In reply to the majority's attempt to distinguish Lypka and Horowitz on the ground that in this case the officer was a member of the same police department and working daily with Officer Bassano, we note that in Mack the officer was never identified.
The court's holding today will require exhaustive testimony whenever an officer discovers an illegally possessed weapon during a frisk, despite recognition that the infringement of a person's constitutional rights is minimal. Aside from the substantial question of whether this is mandated by the Constitution (see Terry v Ohio, 392 U.S. 1), this appeal is especially troublesome because the result wrongly assumes that the People had an opportunity for a full and fair hearing. Since the rule being established today is a new one, it is clear they did not.
I furthermore take exception to the comment that rehearings will allow evidence to be tailored to fit the guidelines announced. This is an assumption which has no foundation in fact. There is a possibility of abuse in any procedure, yet we live in a society where we expect integrity from public officials. To develop a rule of law on the assumption that the police and prosecutors will conform their testimony to fit within new standards unwarrantedly denigrates the judicial system and cheapens us all. I prefer to maintain the belief that our public servants support the law which they have sworn to uphold and enforce.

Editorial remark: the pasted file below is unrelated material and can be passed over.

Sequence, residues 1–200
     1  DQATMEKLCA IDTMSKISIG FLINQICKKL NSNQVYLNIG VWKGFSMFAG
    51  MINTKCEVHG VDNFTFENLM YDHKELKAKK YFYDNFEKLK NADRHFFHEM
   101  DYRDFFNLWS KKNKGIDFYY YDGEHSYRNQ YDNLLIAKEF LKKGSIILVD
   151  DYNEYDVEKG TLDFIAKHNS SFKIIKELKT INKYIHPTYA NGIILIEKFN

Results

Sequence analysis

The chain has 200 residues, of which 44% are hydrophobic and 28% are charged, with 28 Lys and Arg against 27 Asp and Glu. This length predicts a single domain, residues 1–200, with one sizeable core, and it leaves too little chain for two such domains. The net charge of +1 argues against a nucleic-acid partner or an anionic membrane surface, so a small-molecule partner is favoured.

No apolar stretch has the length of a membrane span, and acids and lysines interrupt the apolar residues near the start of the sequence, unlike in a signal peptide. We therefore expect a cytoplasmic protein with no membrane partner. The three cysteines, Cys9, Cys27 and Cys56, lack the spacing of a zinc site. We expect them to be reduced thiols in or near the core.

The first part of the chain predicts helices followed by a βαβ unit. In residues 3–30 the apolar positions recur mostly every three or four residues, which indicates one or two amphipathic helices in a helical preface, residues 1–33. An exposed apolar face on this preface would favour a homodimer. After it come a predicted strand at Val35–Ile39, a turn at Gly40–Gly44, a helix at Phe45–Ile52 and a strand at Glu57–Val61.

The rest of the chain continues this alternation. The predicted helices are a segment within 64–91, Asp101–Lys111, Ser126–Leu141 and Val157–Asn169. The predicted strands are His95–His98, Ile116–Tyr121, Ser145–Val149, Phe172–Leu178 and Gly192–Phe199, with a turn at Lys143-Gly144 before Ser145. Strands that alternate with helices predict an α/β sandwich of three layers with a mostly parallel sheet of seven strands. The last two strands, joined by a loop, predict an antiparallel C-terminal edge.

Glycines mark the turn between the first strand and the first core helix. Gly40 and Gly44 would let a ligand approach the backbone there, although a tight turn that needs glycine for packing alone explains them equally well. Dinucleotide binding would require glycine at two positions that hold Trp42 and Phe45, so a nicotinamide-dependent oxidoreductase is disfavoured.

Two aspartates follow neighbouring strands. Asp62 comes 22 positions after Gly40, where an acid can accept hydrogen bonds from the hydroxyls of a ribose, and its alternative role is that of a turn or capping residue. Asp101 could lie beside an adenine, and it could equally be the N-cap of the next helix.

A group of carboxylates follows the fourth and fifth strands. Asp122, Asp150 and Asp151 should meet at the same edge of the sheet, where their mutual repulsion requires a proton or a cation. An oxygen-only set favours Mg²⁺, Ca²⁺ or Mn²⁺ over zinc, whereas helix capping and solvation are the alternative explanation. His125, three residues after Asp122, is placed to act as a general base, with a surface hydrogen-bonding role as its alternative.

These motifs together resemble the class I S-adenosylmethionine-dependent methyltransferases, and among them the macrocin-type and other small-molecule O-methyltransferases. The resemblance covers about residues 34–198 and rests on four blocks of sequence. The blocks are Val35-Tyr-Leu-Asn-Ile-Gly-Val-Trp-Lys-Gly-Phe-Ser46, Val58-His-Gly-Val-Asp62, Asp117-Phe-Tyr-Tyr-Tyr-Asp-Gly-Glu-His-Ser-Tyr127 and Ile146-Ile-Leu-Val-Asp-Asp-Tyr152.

Having determined that the remittitur was proper, I now discuss the propriety of the search that led to the discovery of Havelka's loaded revolver. There is no need to establish probable cause for the search, since the limited frisk performed by Patrolman Bassano is authorized by CPL 140.50 (subd 3) if the officer reasonably suspected that he was in danger of physical injury. The testimony at the second suppression hearing clearly establishes that Patrolman Bassano had sufficient grounds for performing the frisk when he did.
If the frisk that uncovered the revolver was proper, the subsequent full search of defendant's person was incident to his arrest, and therefore the discovery of the blackjack was certainly supported by probable cause.